Nokia getting prickly in India over non-payments

Reports have emerged out of India suggesting Nokia is on the verge of limiting its relationship with state-owned telco BSNL over non-existent payments.

According to The Economic Times of India, numerous vendors are becoming frustrated with on-going challenges in the India market, and the knock-on effect this has on payments of dues for products, solutions and maintenance. Nokia is allegedly on the verge of limiting its activities with BSNL due to frustration.

BSNL is one of the firms which is being hit hardest by the disruption in the market. Prior to the entry of Reliance Jio, the Indian market was relatively stagnant. A lack of innovation or desire to do anything out-of-the-norm, dragged India down the connectivity rankings. This was a market which was miles of the global average when it comes to digital progression, but Jio caused absolute chaos.

Although all the traditional telcos have struggled to adapt to the new status-quo, BSNL seems to be being hit one of the hardest. And this pain is being passed onto vendors.

Sources close to conversations between the telco and the vendor suggest the Nokia management team is heading towards the point of no-return.

“There is tremendous pressure on us,” the source said. “We have been asked to shutdown services we offer to BSNL by the top management executives in the headquarters due to continued nonpayment of our outstanding amount.”

At the time of writing, Nokia had not responded to confirm or deny the reports, though it would surprise few if the management team was becoming a bit more miserly.

According to the reports, Nokia is owed Rs 800 crore (roughly $110 million) for various network product and services. BSNL currently has 115 million subscribers across the country, while Nokia was previously tasked in upgrading 2G base stations to 3G. The impact on current services could be severe, though it is also worth questioning whether any other vendors would be keen to work with the telco for 4G or 5G should the reports prove to be accurate.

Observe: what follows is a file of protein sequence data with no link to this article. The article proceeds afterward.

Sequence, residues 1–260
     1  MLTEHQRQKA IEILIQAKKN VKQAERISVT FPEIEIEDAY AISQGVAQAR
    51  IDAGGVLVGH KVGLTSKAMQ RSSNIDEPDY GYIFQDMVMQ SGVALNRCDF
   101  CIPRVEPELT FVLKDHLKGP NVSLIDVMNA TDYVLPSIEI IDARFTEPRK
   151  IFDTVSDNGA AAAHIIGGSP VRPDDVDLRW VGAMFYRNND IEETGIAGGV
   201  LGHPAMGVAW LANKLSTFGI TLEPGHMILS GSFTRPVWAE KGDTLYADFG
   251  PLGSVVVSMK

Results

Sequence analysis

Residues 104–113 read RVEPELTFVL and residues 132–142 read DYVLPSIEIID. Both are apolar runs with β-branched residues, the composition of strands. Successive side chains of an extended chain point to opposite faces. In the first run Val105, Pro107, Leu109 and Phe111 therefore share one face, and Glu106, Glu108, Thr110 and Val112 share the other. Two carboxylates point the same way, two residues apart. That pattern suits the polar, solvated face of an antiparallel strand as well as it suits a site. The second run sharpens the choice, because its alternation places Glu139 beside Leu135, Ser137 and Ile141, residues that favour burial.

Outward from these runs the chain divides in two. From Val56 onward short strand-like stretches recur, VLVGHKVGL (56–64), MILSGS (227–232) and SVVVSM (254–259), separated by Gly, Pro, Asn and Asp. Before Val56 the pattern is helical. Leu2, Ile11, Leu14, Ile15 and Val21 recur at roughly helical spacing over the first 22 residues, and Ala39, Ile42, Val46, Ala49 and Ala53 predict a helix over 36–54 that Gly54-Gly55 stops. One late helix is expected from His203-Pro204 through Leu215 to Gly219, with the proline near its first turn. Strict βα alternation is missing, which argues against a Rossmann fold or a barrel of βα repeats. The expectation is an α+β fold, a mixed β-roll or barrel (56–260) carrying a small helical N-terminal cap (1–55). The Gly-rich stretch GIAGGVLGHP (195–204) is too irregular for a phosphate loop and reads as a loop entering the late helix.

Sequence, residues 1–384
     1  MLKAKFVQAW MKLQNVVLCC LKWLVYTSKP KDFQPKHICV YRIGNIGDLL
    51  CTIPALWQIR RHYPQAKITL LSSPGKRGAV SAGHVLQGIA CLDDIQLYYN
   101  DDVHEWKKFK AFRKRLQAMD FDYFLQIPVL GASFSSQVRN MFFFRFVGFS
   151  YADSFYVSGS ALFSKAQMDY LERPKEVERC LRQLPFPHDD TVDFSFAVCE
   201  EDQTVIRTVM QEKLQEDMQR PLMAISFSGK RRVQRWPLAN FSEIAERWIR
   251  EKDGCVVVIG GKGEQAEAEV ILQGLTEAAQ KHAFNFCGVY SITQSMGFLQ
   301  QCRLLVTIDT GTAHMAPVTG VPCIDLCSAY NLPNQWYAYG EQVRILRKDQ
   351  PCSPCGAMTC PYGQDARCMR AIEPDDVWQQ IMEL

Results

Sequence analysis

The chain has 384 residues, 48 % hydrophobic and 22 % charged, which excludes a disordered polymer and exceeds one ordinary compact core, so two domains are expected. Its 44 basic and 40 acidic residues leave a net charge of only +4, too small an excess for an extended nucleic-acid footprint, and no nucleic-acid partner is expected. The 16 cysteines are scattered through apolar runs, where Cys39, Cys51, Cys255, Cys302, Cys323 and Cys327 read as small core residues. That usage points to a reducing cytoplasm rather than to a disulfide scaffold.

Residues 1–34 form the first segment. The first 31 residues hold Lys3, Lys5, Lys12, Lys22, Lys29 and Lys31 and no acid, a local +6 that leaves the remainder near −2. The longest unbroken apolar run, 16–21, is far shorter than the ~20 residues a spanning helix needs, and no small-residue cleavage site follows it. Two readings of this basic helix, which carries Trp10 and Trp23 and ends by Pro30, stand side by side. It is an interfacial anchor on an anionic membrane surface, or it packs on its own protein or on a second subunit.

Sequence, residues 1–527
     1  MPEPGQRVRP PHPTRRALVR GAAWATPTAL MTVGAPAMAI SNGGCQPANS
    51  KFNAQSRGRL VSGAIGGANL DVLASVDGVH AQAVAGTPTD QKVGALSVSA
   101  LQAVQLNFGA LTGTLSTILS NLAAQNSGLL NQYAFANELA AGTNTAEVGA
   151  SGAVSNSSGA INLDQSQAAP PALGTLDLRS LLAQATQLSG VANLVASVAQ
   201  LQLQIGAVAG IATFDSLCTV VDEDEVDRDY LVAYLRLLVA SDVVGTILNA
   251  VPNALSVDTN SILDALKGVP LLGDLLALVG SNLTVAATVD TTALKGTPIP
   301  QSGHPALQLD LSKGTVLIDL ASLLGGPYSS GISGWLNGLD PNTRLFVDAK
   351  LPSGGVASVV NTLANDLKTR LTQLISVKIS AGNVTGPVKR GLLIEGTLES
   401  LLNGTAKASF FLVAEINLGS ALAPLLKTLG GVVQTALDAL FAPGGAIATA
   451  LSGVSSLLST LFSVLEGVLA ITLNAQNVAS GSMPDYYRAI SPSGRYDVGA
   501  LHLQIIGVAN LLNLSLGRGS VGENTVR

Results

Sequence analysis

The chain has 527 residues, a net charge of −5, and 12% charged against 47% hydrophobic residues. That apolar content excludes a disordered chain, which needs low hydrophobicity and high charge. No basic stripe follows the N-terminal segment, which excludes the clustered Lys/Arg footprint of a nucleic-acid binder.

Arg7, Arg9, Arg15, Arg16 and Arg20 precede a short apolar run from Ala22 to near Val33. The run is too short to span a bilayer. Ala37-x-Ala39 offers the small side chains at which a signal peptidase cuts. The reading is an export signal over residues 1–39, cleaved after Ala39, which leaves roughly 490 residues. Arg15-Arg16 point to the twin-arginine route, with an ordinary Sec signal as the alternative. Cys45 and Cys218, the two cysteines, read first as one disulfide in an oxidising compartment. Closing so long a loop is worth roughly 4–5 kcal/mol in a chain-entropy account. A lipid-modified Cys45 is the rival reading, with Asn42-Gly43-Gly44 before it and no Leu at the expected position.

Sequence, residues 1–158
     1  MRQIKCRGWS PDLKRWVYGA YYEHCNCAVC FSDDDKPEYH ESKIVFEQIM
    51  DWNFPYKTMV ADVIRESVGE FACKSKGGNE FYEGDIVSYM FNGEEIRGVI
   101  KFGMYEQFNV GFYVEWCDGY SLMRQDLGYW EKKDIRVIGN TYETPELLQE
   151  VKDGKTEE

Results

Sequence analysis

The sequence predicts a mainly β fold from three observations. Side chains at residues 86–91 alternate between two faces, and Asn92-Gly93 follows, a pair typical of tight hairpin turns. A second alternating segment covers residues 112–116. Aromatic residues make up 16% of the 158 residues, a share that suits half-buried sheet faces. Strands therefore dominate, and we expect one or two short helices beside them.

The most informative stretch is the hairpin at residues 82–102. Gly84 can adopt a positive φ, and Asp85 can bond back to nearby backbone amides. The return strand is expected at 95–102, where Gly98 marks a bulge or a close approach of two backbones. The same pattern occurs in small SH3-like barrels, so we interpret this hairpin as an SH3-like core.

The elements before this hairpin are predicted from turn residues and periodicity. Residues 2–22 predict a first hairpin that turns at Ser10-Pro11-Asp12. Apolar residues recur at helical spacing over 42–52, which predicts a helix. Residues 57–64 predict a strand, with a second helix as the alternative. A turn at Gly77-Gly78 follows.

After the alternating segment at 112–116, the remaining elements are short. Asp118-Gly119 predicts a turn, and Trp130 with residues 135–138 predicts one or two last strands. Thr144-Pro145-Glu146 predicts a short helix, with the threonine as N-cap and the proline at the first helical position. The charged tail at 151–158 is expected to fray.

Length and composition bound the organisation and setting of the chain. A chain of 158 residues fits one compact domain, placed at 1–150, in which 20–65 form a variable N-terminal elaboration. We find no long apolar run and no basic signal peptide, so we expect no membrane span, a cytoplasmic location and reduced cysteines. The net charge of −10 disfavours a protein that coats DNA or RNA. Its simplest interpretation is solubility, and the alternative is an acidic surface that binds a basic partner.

This is where the state-owned telco could feel the worst of the pain. It might just be hanging on nowadays, but if it is unable to secure funds or favourable contracts with vendors to continue network evolution, the pain of tomorrow might make today look like a cake walk.

It is also worth adding context to the situation with Nokia’s current performance. After years of losing out to Huawei in the 4G era, then years of drought as telcos prepared themselves for the 5G revolution, Nokia needs some commercial and financial wins. Nokia CEO Rajeev Suri has been keeping investors at bay with the promise of riches in the 5G era, though these fortunes will have to materialise sooner rather than later.

Nokia has been boasting it has secured commercial contracts with various telcos around the world, T-Mobile US being one of the more prominent, but it doesn’t matter how many contracts it has if it is not shipping product. The team has been quiet on the topic of how many base stations it has been shipping quarter-on-quarter, while there have also been reports of the vendor being unable to fulfil current commitments.